The purpose of service of process is to provide effective notice that the defendant is being called to an Arizona court by the plaintiff to account for the matters alleged in the lawsuit. Such notice is required by the due process clause of both the United States Constitution and the Arizona Constitution. When service of process on a defendant does not comply with prescribed procedural requirements, the court does not obtain jurisdiction.
Any defect in the service of process is waived, however, if the defendant voluntarily appears in and defends the lawsuit against him. The filing of a responsive pleading that does not contest the exercise of personal jurisdiction over the defendant, for example, will operate as a waiver of the defense and submission to the jurisdiction of the court. On the other hand, a party’s participation in proceedings to the unsuccessful pursuit of a motion to dismiss for insufficient service, under circumstances when the party does not not intend to admit to the court’s jurisdiction (“special or limited appearance”) does not constitute a voluntary appearance.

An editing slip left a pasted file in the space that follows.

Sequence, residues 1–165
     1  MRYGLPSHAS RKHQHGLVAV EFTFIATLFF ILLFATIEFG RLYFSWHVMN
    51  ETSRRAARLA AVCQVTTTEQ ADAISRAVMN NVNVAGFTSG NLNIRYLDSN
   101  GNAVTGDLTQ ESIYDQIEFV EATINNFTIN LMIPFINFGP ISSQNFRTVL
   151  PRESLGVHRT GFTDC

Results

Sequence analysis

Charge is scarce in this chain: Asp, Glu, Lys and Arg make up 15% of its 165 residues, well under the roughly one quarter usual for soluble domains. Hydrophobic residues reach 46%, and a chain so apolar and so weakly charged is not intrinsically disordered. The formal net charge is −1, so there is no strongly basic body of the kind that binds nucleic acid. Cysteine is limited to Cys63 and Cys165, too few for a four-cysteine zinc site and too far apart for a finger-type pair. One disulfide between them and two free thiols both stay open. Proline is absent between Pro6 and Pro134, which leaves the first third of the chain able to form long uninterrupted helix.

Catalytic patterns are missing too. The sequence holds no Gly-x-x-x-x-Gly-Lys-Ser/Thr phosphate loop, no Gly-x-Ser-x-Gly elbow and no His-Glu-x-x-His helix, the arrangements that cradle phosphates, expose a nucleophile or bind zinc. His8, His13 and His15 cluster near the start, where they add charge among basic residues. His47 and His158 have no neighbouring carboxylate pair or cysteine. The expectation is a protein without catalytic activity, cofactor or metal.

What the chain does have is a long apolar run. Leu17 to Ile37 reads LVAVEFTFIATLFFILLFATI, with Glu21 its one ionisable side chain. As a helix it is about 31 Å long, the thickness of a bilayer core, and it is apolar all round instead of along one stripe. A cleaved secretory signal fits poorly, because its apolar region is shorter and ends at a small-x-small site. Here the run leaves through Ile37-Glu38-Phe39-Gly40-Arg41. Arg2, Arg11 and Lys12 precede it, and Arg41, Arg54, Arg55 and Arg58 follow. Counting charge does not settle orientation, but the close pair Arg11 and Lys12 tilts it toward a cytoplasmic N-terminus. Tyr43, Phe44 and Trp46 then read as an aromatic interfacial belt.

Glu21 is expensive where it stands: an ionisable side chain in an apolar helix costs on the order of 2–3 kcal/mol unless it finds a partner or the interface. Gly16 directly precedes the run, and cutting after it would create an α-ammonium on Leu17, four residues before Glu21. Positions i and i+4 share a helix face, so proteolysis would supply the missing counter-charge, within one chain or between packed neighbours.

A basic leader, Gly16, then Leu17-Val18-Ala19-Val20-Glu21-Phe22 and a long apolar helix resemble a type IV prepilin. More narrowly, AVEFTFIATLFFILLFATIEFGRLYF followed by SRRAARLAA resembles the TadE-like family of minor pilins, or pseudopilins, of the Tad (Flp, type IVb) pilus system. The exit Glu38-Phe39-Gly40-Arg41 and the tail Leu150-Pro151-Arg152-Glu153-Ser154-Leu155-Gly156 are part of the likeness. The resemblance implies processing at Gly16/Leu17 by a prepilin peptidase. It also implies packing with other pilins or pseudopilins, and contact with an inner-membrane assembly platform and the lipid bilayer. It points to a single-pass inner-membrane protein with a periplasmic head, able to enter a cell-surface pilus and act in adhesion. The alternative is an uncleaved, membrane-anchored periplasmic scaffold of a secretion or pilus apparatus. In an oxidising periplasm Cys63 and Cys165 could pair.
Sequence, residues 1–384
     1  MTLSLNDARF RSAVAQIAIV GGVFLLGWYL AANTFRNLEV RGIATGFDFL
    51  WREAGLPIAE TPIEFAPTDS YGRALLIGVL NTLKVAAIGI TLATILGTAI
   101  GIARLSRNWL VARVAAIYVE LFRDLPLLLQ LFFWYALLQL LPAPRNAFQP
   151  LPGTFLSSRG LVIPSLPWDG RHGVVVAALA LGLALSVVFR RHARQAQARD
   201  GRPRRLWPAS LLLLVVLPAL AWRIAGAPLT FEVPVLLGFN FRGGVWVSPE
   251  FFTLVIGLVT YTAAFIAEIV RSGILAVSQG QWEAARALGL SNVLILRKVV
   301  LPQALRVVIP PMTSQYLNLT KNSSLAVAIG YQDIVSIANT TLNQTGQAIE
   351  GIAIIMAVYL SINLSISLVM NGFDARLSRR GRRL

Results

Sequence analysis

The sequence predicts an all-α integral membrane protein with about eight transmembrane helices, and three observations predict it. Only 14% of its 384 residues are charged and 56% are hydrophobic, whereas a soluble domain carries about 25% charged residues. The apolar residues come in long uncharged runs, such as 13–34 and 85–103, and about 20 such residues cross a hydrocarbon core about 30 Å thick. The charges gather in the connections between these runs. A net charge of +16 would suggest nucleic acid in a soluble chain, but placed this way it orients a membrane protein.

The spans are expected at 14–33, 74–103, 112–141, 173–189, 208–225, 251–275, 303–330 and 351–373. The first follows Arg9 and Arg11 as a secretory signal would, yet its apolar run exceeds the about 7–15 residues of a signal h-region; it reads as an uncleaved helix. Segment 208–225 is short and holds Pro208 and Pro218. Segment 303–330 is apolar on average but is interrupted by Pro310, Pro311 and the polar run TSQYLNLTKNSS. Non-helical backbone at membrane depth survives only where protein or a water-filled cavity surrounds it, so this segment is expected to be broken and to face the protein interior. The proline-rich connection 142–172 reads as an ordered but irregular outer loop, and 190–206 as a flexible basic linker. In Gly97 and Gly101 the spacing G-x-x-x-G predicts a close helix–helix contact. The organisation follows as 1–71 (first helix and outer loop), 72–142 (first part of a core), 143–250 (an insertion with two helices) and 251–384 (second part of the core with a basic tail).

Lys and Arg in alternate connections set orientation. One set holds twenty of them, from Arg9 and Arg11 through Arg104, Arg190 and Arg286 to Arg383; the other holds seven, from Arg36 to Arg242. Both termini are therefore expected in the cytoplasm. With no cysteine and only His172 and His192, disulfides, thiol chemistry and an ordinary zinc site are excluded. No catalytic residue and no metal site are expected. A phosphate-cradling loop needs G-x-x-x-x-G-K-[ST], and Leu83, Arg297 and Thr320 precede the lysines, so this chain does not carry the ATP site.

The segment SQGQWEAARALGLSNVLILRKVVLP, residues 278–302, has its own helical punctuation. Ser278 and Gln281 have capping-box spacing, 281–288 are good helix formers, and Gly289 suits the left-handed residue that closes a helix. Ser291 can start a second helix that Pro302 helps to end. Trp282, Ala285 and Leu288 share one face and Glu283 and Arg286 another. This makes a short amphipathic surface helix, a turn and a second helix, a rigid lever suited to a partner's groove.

An Arizona court has statutory jurisdiction to enter a decree of dissolution of marriage, for instance, when one of the parties was domiciled in Arizona for 90 days before the filing of the petition for dissolution. An Arizona court also has jurisdiction in a child-support action over a father who does not live in Arizona but was personally served while in the state on vacation and visiting the child, according to one Arizona appellate decision.